Katie Mingle:
The Christmas lottery works like this — there are 100,000 possible numbers, ranging from 0 to 99,999. When you go to the lottery office, they’ll tell you what numbers are available in your area and you pick one.

Roman Mars:
But it’s really expensive to own an entire number, like tens of thousands of euros. What is much more common is that an organization will buy a share of a number and then sell off even smaller shares to individuals – 5 euro shares or 2 euro shares… Thousands of people may own small fractions of the same number. The smaller the share you have, the less you get of the total jackpot if your number should win.

Katie Mingle:
And one of the things that this has done is to turn this Christmas Lottery into a huge social event. Local organizations sell tickets at a mark-up for fundraisers, so your soccer team might be selling shares of a number, the school your kids go to maybe selling a different number. Most Spaniards have a stack of tickets — all different tiny shares of different numbers that they’ve been talked into buying by someone.

Roman Mars:
The numbers go on sale in the summer and then on December 22nd, all of Spain tunes in to watch the drawing.

Costis Mitsotakis:
“Every year it’s been done the same way in the same theater in Madrid. It starts at, I think, 8 o’clock in the morning, And the TVs and the radios are always everywhere all showing this thing.”

Roman Mars:
If you turned on Spanish TV that morning, here’s what you’d see — there’s a stage, and on it are two giant golden orbs. One contains balls with all the possible lottery numbers printed on them. The other smaller orb has balls with the prize money amounts. While one orb spits out a number, the other drops down the corresponding prize amount.

Katie Mingle:
After the balls drop, a couple of catholic school kids in their uniforms sing the numbers and prizes out-loud in a kind of Gregorian chant — the whole thing goes on for several tedious hours.

Roman Mars:
And the kids aren’t particularly great singers…

(kids singing in Spanish)

Katie Mingle:
There are a bunch of small prize amounts that drop but at some point, the orbs spit out the biggest prize of the day and its corresponding number. This big prize is called El Gordo – the fat one. The total jackpot for El Gordo can be close to a billion dollars.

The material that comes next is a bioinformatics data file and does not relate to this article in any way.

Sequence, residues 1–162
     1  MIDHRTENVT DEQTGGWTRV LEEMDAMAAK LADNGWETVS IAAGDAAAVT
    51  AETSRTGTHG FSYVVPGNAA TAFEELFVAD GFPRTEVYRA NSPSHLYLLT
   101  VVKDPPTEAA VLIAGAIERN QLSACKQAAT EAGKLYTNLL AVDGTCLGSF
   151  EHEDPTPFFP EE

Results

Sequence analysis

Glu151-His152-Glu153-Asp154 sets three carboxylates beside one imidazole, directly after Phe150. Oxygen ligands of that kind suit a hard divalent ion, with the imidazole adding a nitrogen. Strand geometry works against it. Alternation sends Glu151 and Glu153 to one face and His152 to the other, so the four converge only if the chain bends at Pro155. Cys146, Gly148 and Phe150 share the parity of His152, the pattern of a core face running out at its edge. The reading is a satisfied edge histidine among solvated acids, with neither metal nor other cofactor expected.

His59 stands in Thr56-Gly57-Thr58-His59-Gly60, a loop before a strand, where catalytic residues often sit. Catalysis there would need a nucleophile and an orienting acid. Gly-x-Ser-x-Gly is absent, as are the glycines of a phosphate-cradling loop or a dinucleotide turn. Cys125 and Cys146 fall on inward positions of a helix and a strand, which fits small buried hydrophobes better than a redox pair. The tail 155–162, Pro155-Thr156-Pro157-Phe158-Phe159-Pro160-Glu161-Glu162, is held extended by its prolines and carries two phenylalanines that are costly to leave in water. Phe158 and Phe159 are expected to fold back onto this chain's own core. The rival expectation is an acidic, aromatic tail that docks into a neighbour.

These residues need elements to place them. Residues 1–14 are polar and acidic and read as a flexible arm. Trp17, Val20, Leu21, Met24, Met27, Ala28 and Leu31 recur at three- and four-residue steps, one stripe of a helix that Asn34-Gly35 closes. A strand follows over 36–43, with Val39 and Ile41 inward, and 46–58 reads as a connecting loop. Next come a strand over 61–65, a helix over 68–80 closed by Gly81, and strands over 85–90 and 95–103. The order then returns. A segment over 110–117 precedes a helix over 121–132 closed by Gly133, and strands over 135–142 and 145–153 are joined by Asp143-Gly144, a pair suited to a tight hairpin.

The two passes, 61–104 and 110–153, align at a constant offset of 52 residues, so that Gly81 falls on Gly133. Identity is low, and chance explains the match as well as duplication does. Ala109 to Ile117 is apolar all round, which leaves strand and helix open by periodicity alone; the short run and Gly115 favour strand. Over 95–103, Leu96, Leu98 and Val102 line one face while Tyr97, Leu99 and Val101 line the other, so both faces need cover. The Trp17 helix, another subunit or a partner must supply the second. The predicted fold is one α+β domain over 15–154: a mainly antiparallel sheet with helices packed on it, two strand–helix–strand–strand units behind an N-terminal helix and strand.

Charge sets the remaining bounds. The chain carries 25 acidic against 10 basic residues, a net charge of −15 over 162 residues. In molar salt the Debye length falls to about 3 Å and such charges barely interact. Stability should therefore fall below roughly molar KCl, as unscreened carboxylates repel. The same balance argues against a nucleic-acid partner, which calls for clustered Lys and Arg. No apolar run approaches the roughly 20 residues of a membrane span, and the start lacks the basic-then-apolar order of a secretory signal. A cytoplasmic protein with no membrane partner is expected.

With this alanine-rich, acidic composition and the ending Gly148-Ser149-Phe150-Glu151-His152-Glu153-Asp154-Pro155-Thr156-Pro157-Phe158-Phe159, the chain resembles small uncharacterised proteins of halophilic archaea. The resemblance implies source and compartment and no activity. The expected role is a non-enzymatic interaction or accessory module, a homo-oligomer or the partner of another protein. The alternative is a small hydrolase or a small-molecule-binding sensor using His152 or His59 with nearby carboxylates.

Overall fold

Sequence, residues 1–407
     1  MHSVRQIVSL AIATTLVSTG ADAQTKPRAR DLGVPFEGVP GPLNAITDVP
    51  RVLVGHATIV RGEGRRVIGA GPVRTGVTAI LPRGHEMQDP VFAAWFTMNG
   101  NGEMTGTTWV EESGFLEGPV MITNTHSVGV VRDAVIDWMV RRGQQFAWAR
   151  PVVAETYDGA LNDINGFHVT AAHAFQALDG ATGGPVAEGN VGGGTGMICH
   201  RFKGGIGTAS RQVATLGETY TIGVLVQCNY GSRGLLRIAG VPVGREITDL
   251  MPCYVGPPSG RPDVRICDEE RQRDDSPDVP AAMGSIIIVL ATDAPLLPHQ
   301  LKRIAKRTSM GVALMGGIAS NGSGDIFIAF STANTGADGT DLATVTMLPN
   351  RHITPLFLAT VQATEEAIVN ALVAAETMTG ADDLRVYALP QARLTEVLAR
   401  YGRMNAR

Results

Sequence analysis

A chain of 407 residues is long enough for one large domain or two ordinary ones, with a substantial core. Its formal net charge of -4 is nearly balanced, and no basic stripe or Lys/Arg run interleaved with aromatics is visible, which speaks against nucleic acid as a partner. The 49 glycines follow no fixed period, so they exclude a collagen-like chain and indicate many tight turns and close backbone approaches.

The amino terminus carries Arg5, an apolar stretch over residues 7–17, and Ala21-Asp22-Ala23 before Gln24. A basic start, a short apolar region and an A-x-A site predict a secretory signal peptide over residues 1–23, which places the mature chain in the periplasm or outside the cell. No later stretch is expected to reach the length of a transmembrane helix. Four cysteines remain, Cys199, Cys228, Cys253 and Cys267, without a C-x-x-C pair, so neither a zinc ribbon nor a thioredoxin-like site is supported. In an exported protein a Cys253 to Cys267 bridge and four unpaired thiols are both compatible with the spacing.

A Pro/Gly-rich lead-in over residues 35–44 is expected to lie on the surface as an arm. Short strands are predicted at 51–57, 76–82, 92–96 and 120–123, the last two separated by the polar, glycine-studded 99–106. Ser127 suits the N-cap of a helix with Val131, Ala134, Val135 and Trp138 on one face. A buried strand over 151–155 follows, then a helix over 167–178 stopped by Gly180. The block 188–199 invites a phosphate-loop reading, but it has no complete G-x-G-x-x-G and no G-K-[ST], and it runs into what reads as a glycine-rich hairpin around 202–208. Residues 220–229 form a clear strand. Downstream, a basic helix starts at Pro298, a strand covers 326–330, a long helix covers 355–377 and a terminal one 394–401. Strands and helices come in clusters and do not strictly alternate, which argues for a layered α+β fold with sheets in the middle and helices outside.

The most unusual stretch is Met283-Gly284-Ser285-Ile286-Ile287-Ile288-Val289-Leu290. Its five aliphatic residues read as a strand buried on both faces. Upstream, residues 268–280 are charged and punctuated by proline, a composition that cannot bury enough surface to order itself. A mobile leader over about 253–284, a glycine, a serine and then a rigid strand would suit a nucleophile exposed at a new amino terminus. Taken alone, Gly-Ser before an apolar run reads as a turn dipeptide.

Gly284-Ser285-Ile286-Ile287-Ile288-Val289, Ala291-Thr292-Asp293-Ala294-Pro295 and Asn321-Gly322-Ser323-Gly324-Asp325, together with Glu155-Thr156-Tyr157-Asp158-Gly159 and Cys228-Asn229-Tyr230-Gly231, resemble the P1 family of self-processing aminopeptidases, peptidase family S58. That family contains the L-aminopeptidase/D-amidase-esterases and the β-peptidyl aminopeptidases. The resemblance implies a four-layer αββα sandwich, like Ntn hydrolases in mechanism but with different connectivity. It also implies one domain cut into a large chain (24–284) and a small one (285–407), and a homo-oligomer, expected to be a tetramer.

(kids singing in Spanish)

Roman Mars:
When El Gordo drops, reporters all over Spain rush to figure out who has won the jackpot. But it’s almost certain that the winning number isn’t held by a single individual. It’s held by hundreds or even thousands of people who probably all live in the same geographic region of Spain. Reporters scramble to find out where the winning number was sold.

Katie Mingle:
And on December 22nd, 2011, everyone looked to a little farming town in the Northeast corner of the country.

Costis Mitsotakis:
“I got a phone call from a friend of mine that he was on the train.”

Katie Mingle:
That’s Costis again

Costis Mitsotakis:
“He was telling me that something was going on in Sodeto because I’m in the train and everybody’s on the phone, talking on the phone, and I hear all the time ‘sodeto sodeto sodeto.’”

Katie Mingle:
58,268. That was the lottery number that had won El Gordo. The winning tickets had been sold all over Sodeto by The Housewives Association, a group of women who host parties and activities in town. The association sold lottery tickets door-to-door for 6 euros — five euros for the lottery share and 1 euro for their fundraising

Maria-Carmen Lambea (voiceover by Carmen Vidal):
“Hi, I’m Maria-Carmen Lambea. I chose the winning number in Sodeto when I was the secretary of The Housewives Association.”

Katie Mingle:
When Marie-Carmen heard that their number had won El Gordo, she started calling friends. No one could believe it.

Roman Mars:
On a PA system that the town normally only used to announce water shortages, the mayor came on and said…

PA Voiceover:
“Congratulations, Sodeto. We have just won the lottery! Come to the plaza to celebrate.”

Maria-Carmen Lambea (voiceover by Carmen Vidal):
“That experience, you can’t really explain it. If you didn’t live it. You can’t imagine. If you had been there in the moment, you would have thought these people have gone completely crazy.”

Katie Mingle:
The residents of Sodeto frantically searched for their tickets. Had they bought one from the Housewives? Each 6 euro ticket the housewives had sold was now worth 100,000 euros. How many did each person have?

Roman Mars: Soon the entire town was congregating in the plaza. People chanted their winning number as cars drove through the streets honking their horns.

[horns honking and people singing]

Katie Mingle:
Ana, the bartender, had won. Paco, the farmer, and his wife Marisol, the hairdresser, had won. Rosa, the mayor of the town had won. It seemed that every single resident of the small town of Sodeto had bought a lottery ticket from the Housewives and won a piece of El Gordo.

Costis Mitsotakis:
“The whole village – everyone. Everyone, except one.”

Katie Mingle:
Oh yeah. there was one person who didn’t have a ticket. And who was it?

Costis Mitsotakis:
“That was me.”

Katie Mingle:
Costis did not have a ticket. Costis, who had moved to the town for love and stayed even after he broke up with his Spanish girlfriend Sandra… who yes, had a ticket.

Roman Mars:
Costis lived on the edge of town and somehow the Housewives had missed him when they went knocking on doors.

Costis Mitsotakis:
“They drove everywhere except at my place. Which they didn’t do it on purpose. It just is the only one which is outside, you know, from the village so they did feel a little bit guilty.”